COVERTLY YOURS: An interview with the LEE HARVEY OSWALD BAND

Music Features
COVERTLY YOURS: An interview with the LEE HARVEY OSWALD BAND
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May 21, 2008, 20:03

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The Lee Harvey Oswald Band - Blastronaut
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Lee Harvey Oswald Band drummer Jimmy Meat can't talk about who he really is. Nor is he allowed to talk about who guitarist Zowie Fenderblast is or bassist Dredge's real identity. That mystique, the shroud of secrecy, is an integral part of the band's non-presence.

And when the band's attorney, Mike Bennett, called from Chicago shortly after Meat called Your Flesh and conversed with garrulity for an hour, the entire interview was in jeopardy.

“What did Meat tell you?” he inquired in a nasal command. “Did he divulge anything that could identify the band?”

Naw. Mr. Meat was the perfect spy, albeit a captured agent.

There are some things the public already know about the Touch and Go band, easily one of the most enigmatic bands in rock right now. And they work at it.

“We don't talk about that,” Meat responded flatly to an inquiry as to who the fuck the band really was.

Some have said Albini. A few have ventured Al Jourgenson. Others Gibby. Still others say the leader of the rock outfit is the Didjits' Rick Sims.

“There are just some legal problems that we have to work out before we can divulge who we are,” Meat continued. “We've had a rule that we don't discuss background information. It's on the advice of our lawyers.”

“We've been in some sticky legal situations.”

Maybe, considering the sizable cop of Spider-era David Bowie the band embraces on any of their three Touch and Go releases. Which is really okay, because the guitar buzz is the defining, shining vehicle for LHOB; a grinding, impermeable rip that carries on relentlessly as vocalist Fenderblast purrs velvety like he was Richard Butler/David Bowie with a healthy drug problem.

It's an ancient stance but to its credit, the Lee Harvey Oswald Band, like its namesake, clearly came to take no prisoners. The music is purely acid-tinged rawk with a giant head bob to the glitter era, when Sweet and Slade were really good, even without the doofy faux-drag gitups.

Indeed, LHOB have taken the wild ride, one where even tokens aren't accepted and just the prospect of an interview is cause for some kind of problem. The drummer weaves tales without any provocation. Some make sense, some don't. Like a high school shop dropout, he often loses his train of thought.

Through this roundabout manner of question/answer, it is discovered that the guitarist in the Lee Harvey Oswald band used to play with a British band (“Not a very good one”), the band enjoys pita bread and hummus on its rider (“The food has to jive with your system while you're jumping up and down and inhaling smoke bombs”) and has a new album out, Blastronaut, that they think is pretty cool (“I don't think there has ever been a band that is more intent on pleasing themselves than Lee Harvey”...?).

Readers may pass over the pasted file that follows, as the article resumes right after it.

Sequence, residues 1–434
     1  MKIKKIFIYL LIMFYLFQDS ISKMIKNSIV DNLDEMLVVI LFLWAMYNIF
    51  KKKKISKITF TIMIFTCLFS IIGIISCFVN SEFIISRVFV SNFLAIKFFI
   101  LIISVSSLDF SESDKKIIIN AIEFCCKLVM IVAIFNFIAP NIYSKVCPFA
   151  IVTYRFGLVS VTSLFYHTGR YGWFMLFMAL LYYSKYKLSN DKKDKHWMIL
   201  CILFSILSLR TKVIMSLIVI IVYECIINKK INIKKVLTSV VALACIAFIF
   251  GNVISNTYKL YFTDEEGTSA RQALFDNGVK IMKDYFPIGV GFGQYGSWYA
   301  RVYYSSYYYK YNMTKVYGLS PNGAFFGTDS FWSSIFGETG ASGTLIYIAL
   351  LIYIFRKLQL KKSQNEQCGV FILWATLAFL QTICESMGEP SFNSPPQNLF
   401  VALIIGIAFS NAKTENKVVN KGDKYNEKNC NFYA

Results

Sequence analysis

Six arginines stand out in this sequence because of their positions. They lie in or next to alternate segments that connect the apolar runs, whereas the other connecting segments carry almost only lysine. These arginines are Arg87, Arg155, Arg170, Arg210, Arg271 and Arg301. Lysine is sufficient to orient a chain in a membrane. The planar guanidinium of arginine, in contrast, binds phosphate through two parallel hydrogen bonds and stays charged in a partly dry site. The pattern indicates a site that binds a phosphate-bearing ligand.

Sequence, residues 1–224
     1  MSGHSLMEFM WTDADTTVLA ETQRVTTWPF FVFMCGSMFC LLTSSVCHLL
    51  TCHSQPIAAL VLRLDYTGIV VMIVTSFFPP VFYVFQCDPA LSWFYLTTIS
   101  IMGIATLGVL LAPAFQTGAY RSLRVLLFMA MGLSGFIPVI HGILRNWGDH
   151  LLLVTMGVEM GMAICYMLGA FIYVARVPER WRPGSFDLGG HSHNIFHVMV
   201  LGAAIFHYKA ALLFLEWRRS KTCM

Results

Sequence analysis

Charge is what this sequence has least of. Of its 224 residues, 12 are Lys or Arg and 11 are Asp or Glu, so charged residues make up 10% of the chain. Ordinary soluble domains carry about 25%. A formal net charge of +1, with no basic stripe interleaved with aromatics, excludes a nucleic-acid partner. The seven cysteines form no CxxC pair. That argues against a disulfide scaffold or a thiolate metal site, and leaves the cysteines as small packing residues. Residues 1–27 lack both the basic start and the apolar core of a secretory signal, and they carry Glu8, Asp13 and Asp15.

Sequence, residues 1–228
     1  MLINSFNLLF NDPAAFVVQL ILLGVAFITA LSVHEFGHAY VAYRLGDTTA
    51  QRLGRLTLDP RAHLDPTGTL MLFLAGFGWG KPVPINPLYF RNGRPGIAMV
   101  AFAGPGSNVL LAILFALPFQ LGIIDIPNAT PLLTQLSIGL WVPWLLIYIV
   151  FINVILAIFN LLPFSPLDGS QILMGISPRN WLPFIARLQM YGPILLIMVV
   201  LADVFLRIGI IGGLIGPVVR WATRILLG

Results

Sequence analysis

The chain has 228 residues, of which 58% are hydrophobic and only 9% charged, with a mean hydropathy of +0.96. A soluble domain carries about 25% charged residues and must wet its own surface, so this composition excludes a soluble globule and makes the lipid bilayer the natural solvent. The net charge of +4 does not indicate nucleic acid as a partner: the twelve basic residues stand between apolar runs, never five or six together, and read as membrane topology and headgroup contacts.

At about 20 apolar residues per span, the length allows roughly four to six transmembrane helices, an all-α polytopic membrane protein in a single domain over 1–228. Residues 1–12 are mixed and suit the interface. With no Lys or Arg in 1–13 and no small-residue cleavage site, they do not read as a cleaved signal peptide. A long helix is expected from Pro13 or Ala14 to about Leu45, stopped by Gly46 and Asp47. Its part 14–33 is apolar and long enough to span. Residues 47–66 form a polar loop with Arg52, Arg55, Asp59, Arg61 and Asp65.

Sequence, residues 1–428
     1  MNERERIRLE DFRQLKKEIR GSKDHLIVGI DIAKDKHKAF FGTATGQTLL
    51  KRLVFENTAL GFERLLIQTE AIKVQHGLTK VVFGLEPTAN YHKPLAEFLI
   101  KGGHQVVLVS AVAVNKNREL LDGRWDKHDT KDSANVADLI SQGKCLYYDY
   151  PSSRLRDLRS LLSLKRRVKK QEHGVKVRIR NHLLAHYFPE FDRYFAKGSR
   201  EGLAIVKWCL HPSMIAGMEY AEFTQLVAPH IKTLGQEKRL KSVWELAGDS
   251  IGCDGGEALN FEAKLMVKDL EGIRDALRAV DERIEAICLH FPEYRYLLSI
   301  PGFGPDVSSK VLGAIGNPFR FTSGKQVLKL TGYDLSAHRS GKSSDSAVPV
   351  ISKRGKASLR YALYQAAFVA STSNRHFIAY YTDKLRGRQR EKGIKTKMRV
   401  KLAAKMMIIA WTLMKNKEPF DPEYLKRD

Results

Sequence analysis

“We had an interviewer from Spin ask us what our goals were,” Meat blurts out without any prompting. “The interviewer asked us what our goals were. So our bass player said he'd like to be in the interviewer's pants in about a half an hour. I don't blame him—she was hot. But she threw a lava lamp at him.”

“I don't know if it was her boss or whoever, but some guy walking by the office saw it, freaked out and gets in our face. I was seriously afraid we were gonna have to kick his ass. Finally we were able to explain what happened and he fired the chick on the spot.”

He chuckled with a snort.

“Who cares? She was an intern.”

LHOB has been sometimes labeled, via their well-derived music, as '70s rock rips; taking the searing riffs that Mick Ronson or Steve Hunter used and turning up the fuzz.

Meat agreed to an extent, but drew the line at being lumped in with walking clichés Redd Kross.

“I mean, we take pop icons and glue them to ourselves,” James said. “And when you think about it, a cliché is something that started out really good [and] has been turned into something bad through repetition.”

He stopped and let out a sigh. Long silence.

“Where was I?”

Finally, the talk turns to touring and the low profile that LHOB has been forced to take regarding that vital promotional tool. Some have said the band opened for Sonic Youth during an early '90s European tour, but nobody has come forth and said they actually saw LHOB play a single gig. It would be fair to say that shows have been few and maybe nonexistent. But Meat insists the band has been well traveled.

“The best place to play is Indiana... I mean the whole state is void of anything. When you are watching a sitcom and somebody wants to come up with a nowhere place... I mean, Idaho is cool compared to Indiana.”

He's clearly on a roll, warming up quickly to travel tales. But just as quickly, he is speaking of culture and his dismay with any kind of punk rock formality.

“Everybody wants to play to mohawks, people with tattoos and piercings,” he rants breathlessly. “But we could care less. We would rather broad-side people. Everybody is so jaded now. I mean, you meet a girl with a pierced nipple or something.”

“After you talk about the hole in her nipple, where do you go with it? You've got nothing.”

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This article originally appeared in Your Flesh #34

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